Your Story : Brian Petty Ii

Apr 29, 2021 Wellness, Faith, Your Story
"I used to always believe that my past defined who I was, but as I grew more I realized that your past ONLY shapes who you are and I fully have the choice of who that IS." - Brian Petty II

My story takes place in Detroit, MI. I have 3 older sisters, Tasha (31), Nakita (29), and Mishka (28) with me coming in as a the youngest and the only boy at 24! My mom is Korean and my dad is Black. I actually took a DNA test with 23andMe. My break down is 52.8% Korean, 30.3% African, and 14.2% European. Growing up, I received some high expectations from my mom but also the ones that my sisters placed, as well. In school, I was expected to be #1 and so I strived to do just that. I thought if I achieved high enough, then I would receive all the praise and love that I always wanted.

In 2007, at the age of 11, my parents separated. I never had a true relationship with my father so it made the separation a little easier for me compared to my sisters but as time went on, I felt something missing inside of me. To be named exactly as your father (I am the second), but to never know him, was such a hard concept for me to grasp. The question of "who would name their son after them but not be in their life?" haunted me up until college.
On top of my parent’s separation in 5th grade, I experienced being bullied. As a child, I didn't really grasp the concept of being bullied but I would get teased and even physically picked on for being Asian. I was constantly called Chinese (even though I am part Korean) and told that I wasn't Black. This made me want to disassociate from either identity & just be “American.” This was the forming of an identity crisis that I would soon explore more in high school and parts of college.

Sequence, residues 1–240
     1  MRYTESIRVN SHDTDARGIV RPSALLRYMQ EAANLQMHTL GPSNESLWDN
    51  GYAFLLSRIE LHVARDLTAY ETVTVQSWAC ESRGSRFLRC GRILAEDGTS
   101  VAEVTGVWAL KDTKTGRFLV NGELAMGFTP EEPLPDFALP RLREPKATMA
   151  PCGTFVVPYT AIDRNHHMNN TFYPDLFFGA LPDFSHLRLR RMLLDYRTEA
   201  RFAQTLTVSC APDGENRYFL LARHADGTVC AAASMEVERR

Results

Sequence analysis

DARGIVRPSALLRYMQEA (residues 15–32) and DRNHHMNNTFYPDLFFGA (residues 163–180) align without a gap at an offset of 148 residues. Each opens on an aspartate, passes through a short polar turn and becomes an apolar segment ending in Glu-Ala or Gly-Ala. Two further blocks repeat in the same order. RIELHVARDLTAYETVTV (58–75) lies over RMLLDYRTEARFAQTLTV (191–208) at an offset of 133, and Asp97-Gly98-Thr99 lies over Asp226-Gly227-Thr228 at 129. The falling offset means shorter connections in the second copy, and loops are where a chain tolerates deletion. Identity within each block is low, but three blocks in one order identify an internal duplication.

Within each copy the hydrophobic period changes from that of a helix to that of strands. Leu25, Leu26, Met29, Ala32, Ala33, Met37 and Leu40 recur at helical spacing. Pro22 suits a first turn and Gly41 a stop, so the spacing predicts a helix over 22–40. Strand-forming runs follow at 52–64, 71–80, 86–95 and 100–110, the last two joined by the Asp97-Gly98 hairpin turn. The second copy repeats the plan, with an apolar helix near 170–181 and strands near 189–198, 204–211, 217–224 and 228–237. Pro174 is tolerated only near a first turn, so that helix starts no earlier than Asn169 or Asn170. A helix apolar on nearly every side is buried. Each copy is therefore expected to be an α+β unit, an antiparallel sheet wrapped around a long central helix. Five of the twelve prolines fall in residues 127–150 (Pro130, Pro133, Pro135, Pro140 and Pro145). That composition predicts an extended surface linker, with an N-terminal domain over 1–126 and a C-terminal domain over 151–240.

As middle school went on, I found myself still achieving for #1 but also disconnecting myself from my mom, and even my sisters. Trying to figure out who I am without having a father or male role model in my life was difficult. Who could I ask? Google. The internet became my best friend in terms of research, and I researched and learned things that a human should've taught me. I remember a vivid moment of crying in my room during 8th grade spring break and telling myself that I would no longer be this soft, "mama boy", kid and I believe that was a moment when I hardened my heart. As I entered high school, I was excited for the fresh start it would be for me and it was. High school was amazing, minus my freshman year.

Freshman year I discovered self harm through a friend and experienced it first hand during the winter months. It was during these months that I experienced seasonal depression but did not understand or fully realize what it was until college. However, that following summer of 2011, I was invited to a week long church camp, and this is where I met Jesus for the first time. It was at this camp that I realized He loved me and made me new again. The scars I once had on my wrist (that I blamed on my cat) were completely gone.

As high school went on, I fell more in love with God and the church. However, in the summer of 2013, while at home I experienced an attempt break in at my house. This event traumatized me for the entire summer. Having to go to court and to the police precinct to do a live line up and point out the guy, was just too much for little me. We went to the church for comfort, help with grief and love/prayer but did not receive it the way we needed, so my mom and I stopped attending. I never realized how much the church played a huge part in my faith until I started attending again in later years.
The summer of 2013 was the start of a 2.5 year season of me not having a daily relationship with God. As I entered my senior year, I was determined to come out on top. I became the editor in chief of my school's newspaper, NHS president and valedictorian with a full ride to Oakland University. I remember visiting Oakland in October of my senior year and just falling in love with the campus. As time went on through my senior year, even though I wasn’t attending a church, I never lost my belief in God. I just lost my relationship with Him but knew He was with me through it all.